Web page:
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My grandfather recently presented me with a Winchester Model 1400 Mk II 12 ga. shotgun. I used the gun for the first time it has been used in a long time and now need information on how best to clean the weapon and how to remedy the slowness of the action and its tendancy to not accept new shells into the chamber at inopportune moments(i.e. when I would call for two pigeons to be thrown, the first shell would fire but the next shell would stick about half way in the chamber.). Any help would be appriciated. thank you :?:
 

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Did you receive the owners manual with the gun?

If not find one online @ ebay, here, gunbroker or any other number of websites. Just do a google search for "winchester 1400 manual" and you'll get one.

Read thru this baby and clean the gun. I would suggest getting Breakfree CLP and give it the once over.

Other things I'd do, buy some good ammo then make sure you're not short stroking the pump action.
 

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You may also want to go to e-gunparts.com and look through there break down DWG's. Other wise jlp gave good advice. I am betting the exhaust ports in the barrel or somewhere down the line are gunked up from sitting so long. Your return spring could need replacing too. I have only heard that they can go bunk after long periods of sitting, but a good cleaning is the first cheap thing followed by some 1 1/8oz loads.
 

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jlptexashunter, I don't want to come accross as being a critic but I believe the Winchester 1400 is a semi auto,not a pump gun. Otherwise I think the advice you gave was excellent.

Rod. :)
 

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Geez--don't tell me Winchester won't send him an owner's manual--at least a xerox of it? What have we come to? JLP is right, as usual--the main problem with actions that don't quite function right is dirt. Especially on old guns, people have put them away for years with some kind of bizarre goo on them that turns gummy, collects dust, and hampers useful movement. If it's REALLY bad, take it to a competent gunsmith (a real one, not just some guy who sells guns behind a counter) and ask him to clean it and test it for functioning. It'll cost ya, but you'll have a nice functioning firearm. Clean it well every time you use it after that.
 

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The first thing to keep in mind when troubleshooting an automatic shotgun is to use the CORRECT ammunition with it. Many times, a person will have a gun intended for 3" magnum ammo and they can't figure why it won't work with 2 3/4" ammo. OR, even if the gun is designed to be used with 2 3/4" ammo, it may be intended for FIELD or HUNTING loads and not the weak target stuff. Before you do anything else to the gun, get some HEAVY field loads, or 3" magnum if so chambered, and try that. Be sure to buy good quality ammo with brass heads and not the cheap aluminum heads which often doesn't work well in some guns.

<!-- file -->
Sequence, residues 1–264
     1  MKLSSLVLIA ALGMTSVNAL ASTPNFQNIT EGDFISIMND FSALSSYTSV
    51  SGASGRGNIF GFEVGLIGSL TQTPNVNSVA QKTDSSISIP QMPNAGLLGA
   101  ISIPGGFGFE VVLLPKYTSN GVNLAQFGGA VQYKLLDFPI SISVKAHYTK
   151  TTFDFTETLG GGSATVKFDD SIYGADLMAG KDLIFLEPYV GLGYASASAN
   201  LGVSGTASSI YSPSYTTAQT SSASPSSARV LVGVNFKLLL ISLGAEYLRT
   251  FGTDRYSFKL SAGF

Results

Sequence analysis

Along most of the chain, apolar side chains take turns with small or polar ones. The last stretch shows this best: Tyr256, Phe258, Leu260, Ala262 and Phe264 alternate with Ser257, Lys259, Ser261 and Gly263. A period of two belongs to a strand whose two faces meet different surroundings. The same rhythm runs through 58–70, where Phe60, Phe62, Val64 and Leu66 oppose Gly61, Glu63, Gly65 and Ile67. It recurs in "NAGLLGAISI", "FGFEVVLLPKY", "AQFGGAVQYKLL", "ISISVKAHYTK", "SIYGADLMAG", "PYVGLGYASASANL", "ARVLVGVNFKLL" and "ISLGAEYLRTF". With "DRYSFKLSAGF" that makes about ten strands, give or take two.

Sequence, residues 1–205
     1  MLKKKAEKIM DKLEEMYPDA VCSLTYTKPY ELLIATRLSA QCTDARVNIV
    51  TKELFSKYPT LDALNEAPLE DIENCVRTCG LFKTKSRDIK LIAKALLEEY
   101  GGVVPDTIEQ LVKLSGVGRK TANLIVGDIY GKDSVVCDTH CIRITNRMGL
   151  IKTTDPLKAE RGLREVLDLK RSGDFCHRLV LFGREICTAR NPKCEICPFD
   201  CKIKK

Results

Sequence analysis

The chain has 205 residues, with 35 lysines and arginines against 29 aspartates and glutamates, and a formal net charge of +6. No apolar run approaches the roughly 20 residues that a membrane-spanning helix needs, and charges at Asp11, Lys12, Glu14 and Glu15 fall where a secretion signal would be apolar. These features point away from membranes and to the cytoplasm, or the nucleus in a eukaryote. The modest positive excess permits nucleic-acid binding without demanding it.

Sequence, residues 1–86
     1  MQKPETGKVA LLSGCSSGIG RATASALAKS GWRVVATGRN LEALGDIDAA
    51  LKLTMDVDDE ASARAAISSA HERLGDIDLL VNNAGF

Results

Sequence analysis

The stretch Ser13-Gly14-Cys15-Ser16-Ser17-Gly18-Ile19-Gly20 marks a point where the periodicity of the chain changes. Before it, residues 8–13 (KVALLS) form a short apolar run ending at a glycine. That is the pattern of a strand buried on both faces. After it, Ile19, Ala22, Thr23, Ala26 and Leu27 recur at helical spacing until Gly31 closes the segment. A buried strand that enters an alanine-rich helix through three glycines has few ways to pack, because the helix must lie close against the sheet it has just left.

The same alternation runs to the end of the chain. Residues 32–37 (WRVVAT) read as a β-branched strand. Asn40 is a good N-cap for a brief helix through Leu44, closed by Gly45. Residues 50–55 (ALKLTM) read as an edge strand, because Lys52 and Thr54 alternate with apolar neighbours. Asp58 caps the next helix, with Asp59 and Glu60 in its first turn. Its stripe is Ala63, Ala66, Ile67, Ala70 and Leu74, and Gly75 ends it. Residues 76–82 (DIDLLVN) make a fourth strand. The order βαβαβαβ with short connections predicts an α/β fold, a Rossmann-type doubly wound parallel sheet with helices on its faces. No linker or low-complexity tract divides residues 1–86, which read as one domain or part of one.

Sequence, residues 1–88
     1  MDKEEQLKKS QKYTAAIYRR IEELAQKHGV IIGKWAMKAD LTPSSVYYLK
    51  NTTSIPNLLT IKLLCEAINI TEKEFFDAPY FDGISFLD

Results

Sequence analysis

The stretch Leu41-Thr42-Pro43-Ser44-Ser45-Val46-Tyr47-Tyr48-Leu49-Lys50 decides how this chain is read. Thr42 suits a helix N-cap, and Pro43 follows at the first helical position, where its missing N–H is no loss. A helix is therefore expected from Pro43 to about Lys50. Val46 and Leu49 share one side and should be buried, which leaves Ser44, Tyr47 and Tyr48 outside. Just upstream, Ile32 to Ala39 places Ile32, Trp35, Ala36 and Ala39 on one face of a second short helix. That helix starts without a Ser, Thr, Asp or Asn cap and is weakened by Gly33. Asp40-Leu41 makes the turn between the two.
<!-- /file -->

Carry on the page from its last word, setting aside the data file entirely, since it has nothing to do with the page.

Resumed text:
If changing ammo doesn't help, make sure the gun is assembled correctly. Many times, a person will put the piston ring, friction ring, or some other part on backward. Or, they may have a broken or missing O ring and not even know it. (Not all autos have O rings).

Third, disassemble the gun completely and clean it well. Then lubricate it well with lightweight gun oil. Breakfree CLP works great. Use it liberally on ALL moving parts.

Check the gas port(s) and be sure they are cleaned out good. Use a drill bit (by hand) and lots of solvent to remove built up crud that may be partially blocking the hole(s).

Fourth, and particularly on Remington 1100 or 1187, be sure the inside of the magazine tube is clean and that the magazine tube spring is strong enough to do its job. If it isn't, replace it.

If the above things don't solve the problem, remove the recoil pad (and buttstock too if necessary) and take off the cap/plug on the end of the recoil spring tube (also called "action spring"). Clean out this tube and lightly lubricate with lightweight gun oil. If this spring is weak, it may need replacing. They are not expensive.

If all these steps are properly taken, I can't imagine the gun not working correctly unless some part is broken or very badly bent. I would estimate that the above steps would solve the problems of at least 98% of the automatics that aren't functioning correctly. Sometimes a gun may need a little polishing of the chamber to make funtioning a little easier, but this will seldom stop it from functioning if all the above steps are followed.
 

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See? Ulysses and the other shotgun experts always know the details. Live and learn, as they used to say in the Army, Live and learn!

Jeff23
 
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